Also on advisors is WSJ’s Chuck Jaffe’s “How to tell if your financial advisor can handle a bear market” reminds readers that “the key thing that most consumers are buying from an adviser is “emotional discipline”, the ability to form a plan, manage it and see it through even the darkest market periods.” But plans are not set in concrete forever. They can evolve as necessary, but focus is always on the long-term goals with a plan that lets you sleep at night.
A couple of interesting developments on the ETF front, starting with Heather Bell’s report that “State-Street launches ex-U.S. sector ETFs” . This is a “new direction” for ETFs in that they allow investors to target specific sectors in ex-U.S. markets with market-cap weighted indexes. MERs are 0.5%. Secondly, in an even more interesting development, Ian Salisbury writes in the WSJ that “Barclays plans to introduce target-date ETFs” . What was particularly interesting is not just the planned eight Target-date ETFs (which typically are available only as mutual funds), but that they were also introducing four constant mix (i.e. constant risk) ETFs with a range of risk from conservative to aggressive. (This constant risk approach is an echo of my recent blog “Are ‘target-date’ funds or an age-independent ‘fixed asset allocation’ right for you?” )
On tax-deferred vehicles, Jon Chevreau reports in the Financial Post that “RRSPs now protected against creditors in case of bankruptcy” . Changes in BIA and CCAA result in changes in Wage Earner Protection Program Act protecting against claims of creditors in bankruptcy for all types of registered investments. This will be useful for small business owners who were previously forced into high cost insurance products to get asset protection against creditors. (Now if there could be legislation to give priority to DB plan claims in case of sponsor bankruptcy, that would really enhance “wage earner protection”; I am not holding my breath.)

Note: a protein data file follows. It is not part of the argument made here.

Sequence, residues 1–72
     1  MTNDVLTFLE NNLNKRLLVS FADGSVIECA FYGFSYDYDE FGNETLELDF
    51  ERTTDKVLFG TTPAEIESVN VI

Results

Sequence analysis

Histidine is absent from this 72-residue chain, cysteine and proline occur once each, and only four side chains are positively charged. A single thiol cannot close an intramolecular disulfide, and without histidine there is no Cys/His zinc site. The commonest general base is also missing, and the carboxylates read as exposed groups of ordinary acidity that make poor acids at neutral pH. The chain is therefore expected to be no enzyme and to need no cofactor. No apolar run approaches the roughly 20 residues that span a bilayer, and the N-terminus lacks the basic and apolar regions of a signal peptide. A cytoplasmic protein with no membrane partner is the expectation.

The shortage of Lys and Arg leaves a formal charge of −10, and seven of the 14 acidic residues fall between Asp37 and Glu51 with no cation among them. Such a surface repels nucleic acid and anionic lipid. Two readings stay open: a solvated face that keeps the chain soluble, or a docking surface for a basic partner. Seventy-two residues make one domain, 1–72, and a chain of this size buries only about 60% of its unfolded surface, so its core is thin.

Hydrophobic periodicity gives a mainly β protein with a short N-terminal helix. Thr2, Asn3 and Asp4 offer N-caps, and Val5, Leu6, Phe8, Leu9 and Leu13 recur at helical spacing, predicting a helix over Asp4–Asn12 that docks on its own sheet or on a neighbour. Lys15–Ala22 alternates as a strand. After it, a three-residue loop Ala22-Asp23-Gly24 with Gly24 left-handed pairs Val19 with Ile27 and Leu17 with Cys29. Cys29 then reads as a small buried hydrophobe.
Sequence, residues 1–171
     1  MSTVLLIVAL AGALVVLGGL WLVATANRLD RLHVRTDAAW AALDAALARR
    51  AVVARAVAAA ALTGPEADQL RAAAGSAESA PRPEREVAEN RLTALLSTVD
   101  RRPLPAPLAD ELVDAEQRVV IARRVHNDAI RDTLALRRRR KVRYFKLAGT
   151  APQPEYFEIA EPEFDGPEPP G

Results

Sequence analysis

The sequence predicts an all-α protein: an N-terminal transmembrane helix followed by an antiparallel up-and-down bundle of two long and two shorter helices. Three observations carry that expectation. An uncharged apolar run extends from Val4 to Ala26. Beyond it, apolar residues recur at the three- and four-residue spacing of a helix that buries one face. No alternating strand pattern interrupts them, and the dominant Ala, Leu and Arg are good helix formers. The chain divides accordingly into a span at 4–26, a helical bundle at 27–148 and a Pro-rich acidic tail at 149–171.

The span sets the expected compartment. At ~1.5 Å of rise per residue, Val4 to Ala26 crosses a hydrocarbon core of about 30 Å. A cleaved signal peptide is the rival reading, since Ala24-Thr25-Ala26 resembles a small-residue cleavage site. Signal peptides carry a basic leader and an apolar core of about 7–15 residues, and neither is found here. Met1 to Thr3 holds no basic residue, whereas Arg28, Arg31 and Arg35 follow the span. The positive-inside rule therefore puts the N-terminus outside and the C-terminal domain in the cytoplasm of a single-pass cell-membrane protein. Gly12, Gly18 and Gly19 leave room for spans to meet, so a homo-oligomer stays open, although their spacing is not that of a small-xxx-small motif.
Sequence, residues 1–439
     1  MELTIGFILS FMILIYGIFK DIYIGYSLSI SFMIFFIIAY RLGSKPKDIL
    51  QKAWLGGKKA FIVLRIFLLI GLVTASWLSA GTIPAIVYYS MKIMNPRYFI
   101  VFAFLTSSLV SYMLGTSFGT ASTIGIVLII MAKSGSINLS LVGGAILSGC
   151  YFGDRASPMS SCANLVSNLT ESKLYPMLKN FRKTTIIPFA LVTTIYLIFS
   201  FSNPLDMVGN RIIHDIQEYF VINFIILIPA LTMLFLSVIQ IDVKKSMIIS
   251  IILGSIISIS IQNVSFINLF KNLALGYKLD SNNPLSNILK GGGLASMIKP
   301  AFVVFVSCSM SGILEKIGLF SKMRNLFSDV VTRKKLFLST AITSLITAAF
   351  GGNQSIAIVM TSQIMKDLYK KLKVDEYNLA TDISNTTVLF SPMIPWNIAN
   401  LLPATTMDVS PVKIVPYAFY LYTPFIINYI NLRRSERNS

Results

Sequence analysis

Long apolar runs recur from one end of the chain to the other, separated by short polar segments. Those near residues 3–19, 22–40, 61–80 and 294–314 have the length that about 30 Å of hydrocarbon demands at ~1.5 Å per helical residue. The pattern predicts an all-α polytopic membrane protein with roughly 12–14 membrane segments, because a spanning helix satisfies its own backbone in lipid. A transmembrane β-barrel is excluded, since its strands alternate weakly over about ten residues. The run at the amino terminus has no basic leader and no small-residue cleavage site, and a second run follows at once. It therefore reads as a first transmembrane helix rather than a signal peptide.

For U.S. tax-deferred vehicles the WSJ reports that “U.S. pushes for clearer disclosure of 401(k) fees” . Soon companies will be required to disclose details of investment options, past performance, benchmarks, costs (administrative fees and charges, including legal, accounting and recordkeeping). Also in the U.S., WSJ’s “‘Collective funds’ gain traction in 401(k)” indicates that Americans saving for retirements will get the benefits of even lower cost with the more widely availability of ‘collective funds’; the lower cost as compared to mutual funds is due to not having to incur the costs of compliance with SEC regulations. (It sounds like great opportunities for Canadian regulators to consider in improving the lot of Canadians saving for retirement.)
And finally, in a Dear Bird Talk letter on p.6 Canadian Snowbird Association Magazine , in a comment to my “An update to Florida snowbirds’ tax crisis”, Paul Picher writes that “the most glaring injustice occurs in counties where thousands of Florida’s well-to-do and wealthiest (homesteaders but in reality, still not resident snowbirds) are located. They shutter their condos and mansions before heading north….Unfortunately SOH encourages such fraudulent homesteading, while local or state governments do little to enforce rules…” (I’ve been ignoring the fraudulent homesteading, as I naively assume that it is just a small percentage of the homesteaders who game the system, but perhaps that is too naïve after all. And, guess who pays for the fraud?)